Why we are not uncreative

I have recently got back into listening to podcasts and enjoy those discussing productivity and creativity. This morning I was listening to the Accidental Creative podcast and Keith Sawyer was discussing his book Zig Zag: The Surprising Path to Greater Creativity. One of the points discussed was that about 80% of creativity is learned. This seems surprising at first but when I considered it, it seemed right.

I have read a number of books (including Austin Kleon’s excellent Steal Like an Artist: 10 Things Nobody Told You About Being Creative) that highlight the need for side projects as these encourage creativity. This is because if we focus on one area only we are likely to be stuck in one way of thinking and this can impact our ability to be creative.

Many people (including David Bohm and Steve Jobs) have emphasised that creativity is not just doing art or design. rather it is coming up with something new and making unexpected connections. When we consider creativity in this way, it is odd that some people are ‘creatives’ and others are not. We often do not consider scientists to be creative, when they can be some of the most creative people there are.

Why is there confusion about creativity?

I think that this confusion about creativity, with many people claiming they are not creative, starts at school. We are either classed as academically gifted or creative or persistent or musically-gifted. Often those who decide to do science are not encouraged to do anything artistic, instead focusing on science and maths to the detriment of other studies.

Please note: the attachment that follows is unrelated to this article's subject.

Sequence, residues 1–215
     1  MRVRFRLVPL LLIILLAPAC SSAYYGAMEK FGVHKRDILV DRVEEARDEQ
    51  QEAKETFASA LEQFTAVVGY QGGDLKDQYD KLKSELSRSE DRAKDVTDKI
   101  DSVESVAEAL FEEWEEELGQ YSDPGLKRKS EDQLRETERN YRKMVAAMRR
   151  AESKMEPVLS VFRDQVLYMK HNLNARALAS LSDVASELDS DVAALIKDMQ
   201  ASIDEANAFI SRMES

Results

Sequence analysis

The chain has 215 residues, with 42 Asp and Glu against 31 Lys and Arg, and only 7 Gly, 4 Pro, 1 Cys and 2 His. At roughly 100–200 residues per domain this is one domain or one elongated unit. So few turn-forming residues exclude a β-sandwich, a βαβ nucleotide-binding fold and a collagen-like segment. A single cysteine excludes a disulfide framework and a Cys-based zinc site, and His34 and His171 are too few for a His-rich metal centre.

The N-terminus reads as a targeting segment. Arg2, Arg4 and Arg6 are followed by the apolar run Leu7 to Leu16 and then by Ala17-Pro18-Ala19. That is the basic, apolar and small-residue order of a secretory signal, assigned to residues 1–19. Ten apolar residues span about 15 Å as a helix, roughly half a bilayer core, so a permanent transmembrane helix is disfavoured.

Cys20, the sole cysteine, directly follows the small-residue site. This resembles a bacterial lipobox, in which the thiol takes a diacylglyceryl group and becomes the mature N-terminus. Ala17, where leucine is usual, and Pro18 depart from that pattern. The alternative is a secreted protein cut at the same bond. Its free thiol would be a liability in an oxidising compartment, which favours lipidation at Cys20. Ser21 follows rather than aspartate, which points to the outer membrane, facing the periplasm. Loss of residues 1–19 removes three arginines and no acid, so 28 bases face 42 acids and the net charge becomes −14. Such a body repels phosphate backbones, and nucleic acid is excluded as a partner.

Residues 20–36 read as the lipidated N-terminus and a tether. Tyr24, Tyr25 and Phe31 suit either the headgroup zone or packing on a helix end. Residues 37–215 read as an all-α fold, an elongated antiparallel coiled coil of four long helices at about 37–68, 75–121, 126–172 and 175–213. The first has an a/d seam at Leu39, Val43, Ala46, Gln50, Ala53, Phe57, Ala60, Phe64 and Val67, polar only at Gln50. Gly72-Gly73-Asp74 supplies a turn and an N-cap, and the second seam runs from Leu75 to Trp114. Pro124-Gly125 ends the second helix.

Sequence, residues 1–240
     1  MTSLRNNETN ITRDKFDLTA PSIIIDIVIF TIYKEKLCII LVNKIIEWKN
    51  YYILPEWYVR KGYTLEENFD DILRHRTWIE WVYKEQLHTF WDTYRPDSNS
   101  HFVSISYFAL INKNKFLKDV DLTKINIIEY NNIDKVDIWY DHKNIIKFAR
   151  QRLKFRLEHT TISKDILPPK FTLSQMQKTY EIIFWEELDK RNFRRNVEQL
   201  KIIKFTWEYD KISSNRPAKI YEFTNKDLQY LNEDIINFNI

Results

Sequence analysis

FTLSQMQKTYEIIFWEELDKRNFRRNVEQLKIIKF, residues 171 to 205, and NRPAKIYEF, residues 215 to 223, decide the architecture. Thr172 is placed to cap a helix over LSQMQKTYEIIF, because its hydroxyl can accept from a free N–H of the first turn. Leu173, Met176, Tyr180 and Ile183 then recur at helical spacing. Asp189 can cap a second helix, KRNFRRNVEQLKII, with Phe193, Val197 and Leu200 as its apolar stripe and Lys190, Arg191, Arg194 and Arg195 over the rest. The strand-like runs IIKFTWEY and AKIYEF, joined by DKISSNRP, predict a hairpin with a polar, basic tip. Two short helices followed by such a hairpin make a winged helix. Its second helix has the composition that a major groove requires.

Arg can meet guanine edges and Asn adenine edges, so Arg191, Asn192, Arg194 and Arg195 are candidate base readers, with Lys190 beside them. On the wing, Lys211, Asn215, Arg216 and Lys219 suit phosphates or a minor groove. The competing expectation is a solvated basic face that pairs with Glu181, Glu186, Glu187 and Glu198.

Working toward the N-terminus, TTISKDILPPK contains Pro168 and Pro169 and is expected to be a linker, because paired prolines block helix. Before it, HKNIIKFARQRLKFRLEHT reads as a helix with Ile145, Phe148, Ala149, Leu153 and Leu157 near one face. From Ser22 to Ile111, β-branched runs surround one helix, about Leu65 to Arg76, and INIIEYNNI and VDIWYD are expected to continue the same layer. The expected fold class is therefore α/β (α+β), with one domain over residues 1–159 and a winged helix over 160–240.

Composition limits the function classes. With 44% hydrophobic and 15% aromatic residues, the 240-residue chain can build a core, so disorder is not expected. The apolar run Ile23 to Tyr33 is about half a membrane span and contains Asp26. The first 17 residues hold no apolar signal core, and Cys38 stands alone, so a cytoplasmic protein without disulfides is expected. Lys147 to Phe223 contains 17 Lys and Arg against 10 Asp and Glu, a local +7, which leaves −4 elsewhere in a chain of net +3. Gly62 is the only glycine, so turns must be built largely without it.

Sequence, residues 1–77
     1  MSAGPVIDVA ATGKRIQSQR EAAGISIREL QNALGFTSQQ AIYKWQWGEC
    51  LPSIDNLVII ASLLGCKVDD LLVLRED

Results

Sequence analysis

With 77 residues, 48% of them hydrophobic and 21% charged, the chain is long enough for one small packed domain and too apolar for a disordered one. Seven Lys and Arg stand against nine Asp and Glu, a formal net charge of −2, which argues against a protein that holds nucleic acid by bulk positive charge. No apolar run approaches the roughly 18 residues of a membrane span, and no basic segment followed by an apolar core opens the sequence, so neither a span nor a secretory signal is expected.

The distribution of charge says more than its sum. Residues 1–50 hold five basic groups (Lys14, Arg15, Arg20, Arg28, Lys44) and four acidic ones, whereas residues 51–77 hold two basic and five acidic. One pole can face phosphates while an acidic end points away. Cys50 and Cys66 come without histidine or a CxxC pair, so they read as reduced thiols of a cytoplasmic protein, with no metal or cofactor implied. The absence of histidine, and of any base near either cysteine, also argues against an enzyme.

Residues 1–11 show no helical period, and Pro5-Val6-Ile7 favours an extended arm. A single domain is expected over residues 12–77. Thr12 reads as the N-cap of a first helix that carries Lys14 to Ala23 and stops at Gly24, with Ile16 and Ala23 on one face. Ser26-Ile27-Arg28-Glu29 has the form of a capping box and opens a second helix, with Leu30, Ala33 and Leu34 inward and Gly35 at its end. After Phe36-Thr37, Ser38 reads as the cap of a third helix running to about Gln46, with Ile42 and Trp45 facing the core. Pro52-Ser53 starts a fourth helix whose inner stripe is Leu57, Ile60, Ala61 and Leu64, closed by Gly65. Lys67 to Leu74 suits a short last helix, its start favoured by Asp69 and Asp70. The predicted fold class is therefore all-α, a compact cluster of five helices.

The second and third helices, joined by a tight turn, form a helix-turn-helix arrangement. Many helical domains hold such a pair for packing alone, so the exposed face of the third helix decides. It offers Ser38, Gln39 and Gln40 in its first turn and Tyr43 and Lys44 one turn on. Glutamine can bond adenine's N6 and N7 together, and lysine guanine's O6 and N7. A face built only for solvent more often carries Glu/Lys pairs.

At school, science and maths are about remembering facts and applying equations, rather than trying to prove new things or question established hypotheses. This school-work is not creative and sets a mindset that can last throughout our lives. When we get to university we may do some research and suddenly we are faced with a completely different subject. We have the knowledge that we need to apply, developing experiments that may prove or disprove our hypothesis. If things don’t work, we need to create different experiments to confirm the results or different pathways to what we desire. This is different from at school where if something didn’t work we just needed to redo it, as it was guaranteed to work if we did it correctly.

What do I do to increase my creativity?

I have found that making sure I have a hobby increases my creativity. This means that rather than watching TV in the evening, or sitting reading a book I am trying to develop new skills. I love printed art and zines (Whatcha Mean, What’s a Zine?: The Art of Making Zines and Mini Comics), and would eventually like to put together my own. As such, I am trying out linoprinting and collage, and have for several years been taking photos on my walk to work. These on there own are unlikely to increase my creativity, however, the planning and getting ideas for the prints means that my mind is active and coming up with ideas unrelated to work. These can then eventually lead into ideas for work and for other areas of work.

I cannot say for sure that this works, but it is a lot of fun!